JKLA: Well, my mom always told me growing up that she someday wished that I had a kid just like me so that I could see how difficult it was growing up with someone who just wants to argue everything.
EL: Your mother told me and my wife, who is your agent, your literary agent, at your book party, we said, “Isn't it great what's happened to your son?” And she said, “And so surprising.”
JKLA: Yeah, that sounds like my mom.
EL: And so Alicia, does she have a fairly adventurous palette? Like, how have you gone about introducing stuff to her?
JKLA: She does. We use a method called baby-led weaning, which is, essentially, as soon as she's old enough to sit up herself, around like six months or so, sit upright, we started feeding her solid food. And essentially, just eating exactly the same food we eat. Like, a few exceptions early on, like we wouldn't give her a whole grape, something that can fall down her throat and choke her. Part of the whole baby-led weaning process is also, it's like a developmental process where they learn, not just about food but also sort of hand/eye coordination, they learn about making choices for themselves and all that. So, you kind of have to give the kid free rein at the table, present them with a bunch of food, let them mash it around, let them ... you just have to be prepared to clean it. We have dogs, which helps but we also have a plastic mat on the floor. Certainly early on there is food everywhere.
EL: And now you're writing a children's book loosely based on your experiences cooking with Alicia. Tell us about that.
JKLA: So, yeah, I'm working on a children's book. The main character in it is definitely derived from Alicia. It's a little girl, older than Alicia, and it's aimed at older audience, four- to seven-year-olds. But the book is really more about discovering the value of food beyond just the way it tastes. It's essentially about a little girl who thinks pepperoni pizza is the best food in the world but she can't really figure out why it's the best food in the world. And she, over the course of the book, visits a bunch of families and restaurant owners, various people that have very different ideas of what the best food in the world is. And each one of them has their own reasons. For one of them it's because it reminds her of her home country. For another it's because she used to cook it together with her grandmother. So, various reasons why people enjoy foods and so by the end of the book the lesson she learns is that ... she discovers that all along, the reason she loved pizza so much is because it's so easy to share and it's a food that brings all the friends around the table and is easy to have a good time around, which is what she likes doing.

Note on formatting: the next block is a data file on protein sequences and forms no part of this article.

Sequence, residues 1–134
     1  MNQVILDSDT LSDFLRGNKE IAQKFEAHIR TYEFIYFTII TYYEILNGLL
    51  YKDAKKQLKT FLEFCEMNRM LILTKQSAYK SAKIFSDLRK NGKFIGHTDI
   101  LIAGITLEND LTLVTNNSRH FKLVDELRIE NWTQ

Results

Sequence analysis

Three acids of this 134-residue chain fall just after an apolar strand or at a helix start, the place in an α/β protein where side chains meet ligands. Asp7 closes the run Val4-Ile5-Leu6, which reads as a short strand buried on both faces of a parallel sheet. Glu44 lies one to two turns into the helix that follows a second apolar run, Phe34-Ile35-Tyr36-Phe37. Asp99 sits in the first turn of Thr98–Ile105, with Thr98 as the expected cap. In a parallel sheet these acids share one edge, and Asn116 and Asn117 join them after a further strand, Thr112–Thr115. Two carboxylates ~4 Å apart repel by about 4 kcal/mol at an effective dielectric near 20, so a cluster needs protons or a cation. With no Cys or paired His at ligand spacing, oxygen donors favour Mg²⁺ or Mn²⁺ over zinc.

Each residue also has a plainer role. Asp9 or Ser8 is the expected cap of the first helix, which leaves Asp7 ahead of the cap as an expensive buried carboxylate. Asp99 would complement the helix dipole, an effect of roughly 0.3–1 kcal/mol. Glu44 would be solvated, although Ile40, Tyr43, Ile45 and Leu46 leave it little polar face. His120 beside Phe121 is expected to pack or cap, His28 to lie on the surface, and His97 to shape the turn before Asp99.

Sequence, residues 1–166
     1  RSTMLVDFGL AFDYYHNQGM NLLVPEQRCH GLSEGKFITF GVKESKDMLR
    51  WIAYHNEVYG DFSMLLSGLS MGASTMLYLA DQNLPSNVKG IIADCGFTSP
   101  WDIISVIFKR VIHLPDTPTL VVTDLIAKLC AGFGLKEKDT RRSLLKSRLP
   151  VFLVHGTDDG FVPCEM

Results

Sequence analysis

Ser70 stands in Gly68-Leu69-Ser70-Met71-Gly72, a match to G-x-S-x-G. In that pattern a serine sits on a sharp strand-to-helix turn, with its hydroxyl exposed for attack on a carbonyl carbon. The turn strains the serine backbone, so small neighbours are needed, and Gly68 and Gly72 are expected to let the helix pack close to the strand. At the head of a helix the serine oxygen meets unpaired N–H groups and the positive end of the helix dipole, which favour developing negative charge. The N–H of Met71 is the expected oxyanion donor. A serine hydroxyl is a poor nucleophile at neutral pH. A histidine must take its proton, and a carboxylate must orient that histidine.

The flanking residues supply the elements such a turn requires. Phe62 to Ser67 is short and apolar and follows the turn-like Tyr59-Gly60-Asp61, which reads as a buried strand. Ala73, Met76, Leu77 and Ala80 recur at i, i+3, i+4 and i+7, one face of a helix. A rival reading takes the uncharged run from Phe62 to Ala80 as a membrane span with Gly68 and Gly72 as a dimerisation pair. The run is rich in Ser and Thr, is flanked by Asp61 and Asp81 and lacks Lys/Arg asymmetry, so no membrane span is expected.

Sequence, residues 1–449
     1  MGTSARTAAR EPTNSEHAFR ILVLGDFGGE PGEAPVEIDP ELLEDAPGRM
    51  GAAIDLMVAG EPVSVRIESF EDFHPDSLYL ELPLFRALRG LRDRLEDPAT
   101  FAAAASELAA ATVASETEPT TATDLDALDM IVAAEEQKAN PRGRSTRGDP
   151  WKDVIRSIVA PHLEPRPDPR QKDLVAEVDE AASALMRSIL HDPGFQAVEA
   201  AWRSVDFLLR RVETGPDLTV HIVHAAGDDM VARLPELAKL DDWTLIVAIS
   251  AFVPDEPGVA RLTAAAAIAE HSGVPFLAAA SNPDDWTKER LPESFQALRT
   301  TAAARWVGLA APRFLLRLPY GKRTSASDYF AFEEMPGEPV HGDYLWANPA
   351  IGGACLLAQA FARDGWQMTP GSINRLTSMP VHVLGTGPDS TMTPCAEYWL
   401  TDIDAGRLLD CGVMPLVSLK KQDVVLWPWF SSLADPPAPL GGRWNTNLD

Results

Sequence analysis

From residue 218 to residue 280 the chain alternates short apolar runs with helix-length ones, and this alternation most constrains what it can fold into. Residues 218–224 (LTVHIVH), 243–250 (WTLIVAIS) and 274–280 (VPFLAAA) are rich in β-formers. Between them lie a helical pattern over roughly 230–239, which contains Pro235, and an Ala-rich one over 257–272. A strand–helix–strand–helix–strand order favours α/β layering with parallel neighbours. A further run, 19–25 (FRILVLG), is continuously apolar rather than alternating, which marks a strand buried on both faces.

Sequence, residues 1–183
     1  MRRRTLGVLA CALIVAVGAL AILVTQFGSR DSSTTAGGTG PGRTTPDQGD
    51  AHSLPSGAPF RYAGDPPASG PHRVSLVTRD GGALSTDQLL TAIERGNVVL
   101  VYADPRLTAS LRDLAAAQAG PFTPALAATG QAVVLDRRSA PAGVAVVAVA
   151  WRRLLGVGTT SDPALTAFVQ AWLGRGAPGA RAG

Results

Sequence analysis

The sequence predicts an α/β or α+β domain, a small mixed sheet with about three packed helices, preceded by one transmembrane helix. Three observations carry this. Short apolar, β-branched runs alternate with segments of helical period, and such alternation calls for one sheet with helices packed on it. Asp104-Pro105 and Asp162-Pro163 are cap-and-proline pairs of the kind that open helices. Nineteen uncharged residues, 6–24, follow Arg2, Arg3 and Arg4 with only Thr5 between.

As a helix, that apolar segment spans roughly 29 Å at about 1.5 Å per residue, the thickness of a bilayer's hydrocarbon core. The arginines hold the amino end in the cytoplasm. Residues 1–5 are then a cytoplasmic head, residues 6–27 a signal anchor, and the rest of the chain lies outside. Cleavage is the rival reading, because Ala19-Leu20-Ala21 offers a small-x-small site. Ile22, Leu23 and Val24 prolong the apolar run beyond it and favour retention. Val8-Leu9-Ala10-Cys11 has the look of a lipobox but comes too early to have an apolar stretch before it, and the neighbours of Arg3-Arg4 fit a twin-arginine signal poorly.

EL: If you had shown Alicia my pizza book, you could have saved a lot of time, because that's what I talk about, is that pizza is the greatest food in the world because it's so easily shared.
JKLA: Everybody likes pizza, everybody wants a slice.
JKLA: And usually there's enough slices to share.
EL: How did this come about? Because, I've never heard you, and I have known you a while, be interested in children's books.
JKLA: I guess a lot of it was going through ... before Alicia was born and then after she was born going through all of my old books and seeing what books moved me and what effect books I read as a little child had on my life. I think it's actually probably an interesting exercise for you or anybody to just go back and look at all of ... if you've saved them or if you remember the titles just to go back and take a look at all of your old kids' book and try and figure out what parts of your personality or parts of the way you lead your life or your morality or any of those things, how much of them are linked to media you consumed as a child. It was a surprisingly large amount for me, and it just seemed like this would be a really nice thing to do for my kid, 10 years from now, or when she has her own kid for her to be able to say this is the book that your grandfather wrote for me, and I'm reading it to you.
I wanna have a good legacy and I wanna add joy to the world, so this seemed like a way that I could do it, in a way that was both very personal to me but also could be shared. I just like a challenge and this is something I've never done before. I can tell you, writing a kids' book is not easy. In a way, it's even more difficult than writing The Food Lab was, and I'm working on a sequel to The Food Lab now, so it's, I think, more difficult than that.